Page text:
The Los Angeles Times today profiles a $100,000 grant awarded to Cal State Northridge to improve academic outcomes for minority students. A diversity grant for a predominantly white college isn’t unusual, but this grant, with funds awarded by the NCAA and originally intended for black and minority athletes, was initially created for partnership with a historically black college. From the LA Times:
“Given the demographics of the country, reaching a more diverse population was important,” said (National Urban Alliance President Eric) Cooper, who said his organization still plans to work with historically black colleges.
Cooper said he was also attracted to Northridge because the school’s president, Dianne Harrison, was enthusiastic. After Cooper gave a speech at a conference last December, Harrison approached him and said she wanted the program to come to her campus. “She was literally first in line,” Cooper said.
Northridge, according to the Times article, boasts a minority enrollment which includes a five percent and 42 percent Latino enrollment. And those numbers, in combination with an aggressive president who wound up in the right place at the right time, landed a six-figure designed for HBCUs on a west coast PWI.
So what does it suggest for HBCUs? That they should pursue more Latino students in order to avail their campuses to funding created for minority learning outcomes? Many HBCUs are already engaged in this kind of recruitment, especially in places like Paul Quinn College in Dallas and in states like Florida by way of high school outreach.
Does it mean that presidents should be more aggressive about seeking non-profit partnerships? Many presidents already are, like Johnson C. Smith University and Bowie State University.
So what separates HBCUs from community colleges, mid-size university and large PWIs seeking to boost minority enrollment and nonprofit partnerships? The answer will be expanding paid marketing efforts to accompany the brand that they already enjoy with thousands of black professionals and community activists, who simply aren’t familiar with the programs and initiatives at HBCUs which have synergy with their ideas.
HBCUs have, fortunately, moved away from the ‘best kept secret’ mentality of marketing, but more campuses must move to reallocating and investing funds in paid media to engage black families, and black communities where they are. What people haven’t heard about, and aren’t talking about can kill a business, and if billion dollar companies like McDonald’s and Walmart can advertise to keep their product front of mind for consumers who already know what they are and where they are, why wouldn’t HBCUs do the same to promote themselves to a largely unaware audience?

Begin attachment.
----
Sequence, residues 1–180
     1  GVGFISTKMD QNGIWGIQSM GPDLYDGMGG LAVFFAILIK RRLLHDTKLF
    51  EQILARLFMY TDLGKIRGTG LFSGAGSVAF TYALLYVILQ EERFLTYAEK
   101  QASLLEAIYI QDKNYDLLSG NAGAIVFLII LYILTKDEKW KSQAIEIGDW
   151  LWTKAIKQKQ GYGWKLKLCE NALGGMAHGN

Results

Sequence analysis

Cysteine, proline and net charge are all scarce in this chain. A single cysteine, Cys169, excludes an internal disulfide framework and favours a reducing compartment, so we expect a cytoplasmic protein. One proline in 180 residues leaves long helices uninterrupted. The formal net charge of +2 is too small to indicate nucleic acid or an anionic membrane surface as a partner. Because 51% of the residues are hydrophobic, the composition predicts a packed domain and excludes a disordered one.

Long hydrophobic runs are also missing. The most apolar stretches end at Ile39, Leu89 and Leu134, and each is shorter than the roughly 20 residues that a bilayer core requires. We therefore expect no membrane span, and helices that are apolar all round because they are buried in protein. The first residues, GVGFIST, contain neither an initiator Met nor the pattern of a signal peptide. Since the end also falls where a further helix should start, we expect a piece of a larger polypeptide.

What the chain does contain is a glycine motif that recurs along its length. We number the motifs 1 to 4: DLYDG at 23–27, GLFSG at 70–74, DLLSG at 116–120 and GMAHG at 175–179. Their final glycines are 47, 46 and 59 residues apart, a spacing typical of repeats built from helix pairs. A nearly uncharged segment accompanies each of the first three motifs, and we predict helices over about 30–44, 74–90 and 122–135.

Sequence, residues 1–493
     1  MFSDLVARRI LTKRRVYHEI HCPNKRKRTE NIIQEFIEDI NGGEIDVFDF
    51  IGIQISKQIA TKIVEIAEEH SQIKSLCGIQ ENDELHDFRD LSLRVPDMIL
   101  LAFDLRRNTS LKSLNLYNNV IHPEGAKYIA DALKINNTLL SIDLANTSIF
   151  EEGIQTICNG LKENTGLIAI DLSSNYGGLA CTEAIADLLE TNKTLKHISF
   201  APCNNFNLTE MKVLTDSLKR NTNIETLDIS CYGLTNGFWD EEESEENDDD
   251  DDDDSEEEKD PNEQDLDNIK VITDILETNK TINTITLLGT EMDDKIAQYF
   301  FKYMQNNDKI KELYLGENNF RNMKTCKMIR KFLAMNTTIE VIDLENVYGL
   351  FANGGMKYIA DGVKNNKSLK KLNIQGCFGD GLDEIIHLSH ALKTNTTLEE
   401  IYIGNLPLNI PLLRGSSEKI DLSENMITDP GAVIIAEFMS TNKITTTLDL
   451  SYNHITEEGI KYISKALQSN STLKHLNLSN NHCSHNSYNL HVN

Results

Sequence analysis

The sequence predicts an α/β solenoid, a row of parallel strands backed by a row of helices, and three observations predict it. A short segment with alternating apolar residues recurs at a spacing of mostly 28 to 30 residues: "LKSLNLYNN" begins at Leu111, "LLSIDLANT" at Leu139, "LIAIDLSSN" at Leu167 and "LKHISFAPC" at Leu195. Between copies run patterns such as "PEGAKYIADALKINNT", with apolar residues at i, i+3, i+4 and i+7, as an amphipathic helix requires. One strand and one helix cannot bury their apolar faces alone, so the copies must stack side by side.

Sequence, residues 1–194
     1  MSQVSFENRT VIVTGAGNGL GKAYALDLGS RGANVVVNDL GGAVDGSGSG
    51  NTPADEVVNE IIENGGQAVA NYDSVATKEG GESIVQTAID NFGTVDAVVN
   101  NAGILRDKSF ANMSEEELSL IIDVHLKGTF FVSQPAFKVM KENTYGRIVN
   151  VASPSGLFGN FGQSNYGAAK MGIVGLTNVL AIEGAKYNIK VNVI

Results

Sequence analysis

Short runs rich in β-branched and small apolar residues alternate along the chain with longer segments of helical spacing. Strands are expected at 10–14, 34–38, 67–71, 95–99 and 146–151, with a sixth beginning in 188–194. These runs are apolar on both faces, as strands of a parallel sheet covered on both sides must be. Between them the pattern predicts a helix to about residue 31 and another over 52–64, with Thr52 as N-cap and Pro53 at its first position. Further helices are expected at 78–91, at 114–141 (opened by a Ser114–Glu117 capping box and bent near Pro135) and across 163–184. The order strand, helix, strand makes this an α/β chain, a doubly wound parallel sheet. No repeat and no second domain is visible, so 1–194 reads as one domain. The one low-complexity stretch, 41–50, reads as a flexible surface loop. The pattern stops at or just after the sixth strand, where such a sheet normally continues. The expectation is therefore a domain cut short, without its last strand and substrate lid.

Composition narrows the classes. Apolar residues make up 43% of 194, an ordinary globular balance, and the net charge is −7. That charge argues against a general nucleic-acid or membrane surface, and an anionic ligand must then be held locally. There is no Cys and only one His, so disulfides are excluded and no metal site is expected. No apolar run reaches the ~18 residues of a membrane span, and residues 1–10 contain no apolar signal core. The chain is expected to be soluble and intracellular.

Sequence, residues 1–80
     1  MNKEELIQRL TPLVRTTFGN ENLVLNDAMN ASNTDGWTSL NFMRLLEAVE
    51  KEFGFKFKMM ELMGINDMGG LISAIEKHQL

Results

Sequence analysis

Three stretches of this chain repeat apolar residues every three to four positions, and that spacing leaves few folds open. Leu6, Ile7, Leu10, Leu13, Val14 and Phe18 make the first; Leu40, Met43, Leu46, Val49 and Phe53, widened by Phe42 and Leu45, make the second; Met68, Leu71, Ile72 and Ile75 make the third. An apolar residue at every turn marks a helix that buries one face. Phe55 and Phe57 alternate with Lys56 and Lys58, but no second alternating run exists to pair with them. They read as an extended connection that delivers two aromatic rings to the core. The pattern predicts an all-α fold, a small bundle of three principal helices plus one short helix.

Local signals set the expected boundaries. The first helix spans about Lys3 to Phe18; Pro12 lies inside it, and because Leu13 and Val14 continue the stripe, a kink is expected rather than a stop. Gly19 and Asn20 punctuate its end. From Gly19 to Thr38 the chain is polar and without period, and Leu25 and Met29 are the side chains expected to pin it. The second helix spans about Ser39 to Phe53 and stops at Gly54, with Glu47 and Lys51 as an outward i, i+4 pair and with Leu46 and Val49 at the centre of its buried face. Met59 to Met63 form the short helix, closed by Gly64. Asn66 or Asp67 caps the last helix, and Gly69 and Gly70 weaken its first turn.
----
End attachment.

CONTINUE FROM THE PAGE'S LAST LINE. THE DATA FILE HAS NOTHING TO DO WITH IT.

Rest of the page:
Cooper wanted to work with HBCUs, despite not having attended an HBCU for any of his three degrees, and the Alliance being stationed in Long Island, NY. Maybe he has family or friends with HBCU ties, or maybe HBCU information is circulated among his network of contacts. But something made him initially aware of HBCUs to tell the Los Angeles Times that he wanted to give a black college $100,000 before changing his mind, and despite changing his mind, still wants to give money to HBCUs in the future.
The objective is for HBCUs to consistently in front of people who are already predisposed and open to hearing messages about black colleges. That principle goes for nonprofit executives, black researchers, corporate executives and students, and it only gets done when people constantly see logos, hear news or information, or are exposed to testimonials from HBCU advocates.
Moving people and stakeholders from passing interest to emotional investment – it can mean the difference in receiving a $100,000 grant, or making the Los Angeles Times for not getting one.
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